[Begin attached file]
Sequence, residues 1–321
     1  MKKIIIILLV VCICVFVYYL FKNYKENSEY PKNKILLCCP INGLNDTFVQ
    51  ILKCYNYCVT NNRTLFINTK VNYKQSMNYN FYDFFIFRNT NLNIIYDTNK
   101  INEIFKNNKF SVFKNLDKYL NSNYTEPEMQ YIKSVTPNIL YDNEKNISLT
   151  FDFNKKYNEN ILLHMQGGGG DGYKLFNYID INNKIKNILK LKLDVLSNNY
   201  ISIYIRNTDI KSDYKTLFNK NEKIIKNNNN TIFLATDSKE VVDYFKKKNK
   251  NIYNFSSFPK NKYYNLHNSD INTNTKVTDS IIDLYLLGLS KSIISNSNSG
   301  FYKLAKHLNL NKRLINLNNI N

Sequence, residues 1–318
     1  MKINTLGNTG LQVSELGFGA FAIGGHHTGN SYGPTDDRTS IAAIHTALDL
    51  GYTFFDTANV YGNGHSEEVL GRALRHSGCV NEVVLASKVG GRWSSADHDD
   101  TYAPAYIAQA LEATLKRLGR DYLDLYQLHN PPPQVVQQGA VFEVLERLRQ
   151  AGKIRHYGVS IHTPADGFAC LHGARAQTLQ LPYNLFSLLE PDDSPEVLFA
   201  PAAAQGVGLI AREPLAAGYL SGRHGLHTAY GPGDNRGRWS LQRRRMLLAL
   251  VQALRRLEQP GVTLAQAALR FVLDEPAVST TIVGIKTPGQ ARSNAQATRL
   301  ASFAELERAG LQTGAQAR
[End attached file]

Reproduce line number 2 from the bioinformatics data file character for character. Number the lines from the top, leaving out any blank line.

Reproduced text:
     1  MKKIIIILLV VCICVFVYYL FKNYKENSEY PKNKILLCCP INGLNDTFVQ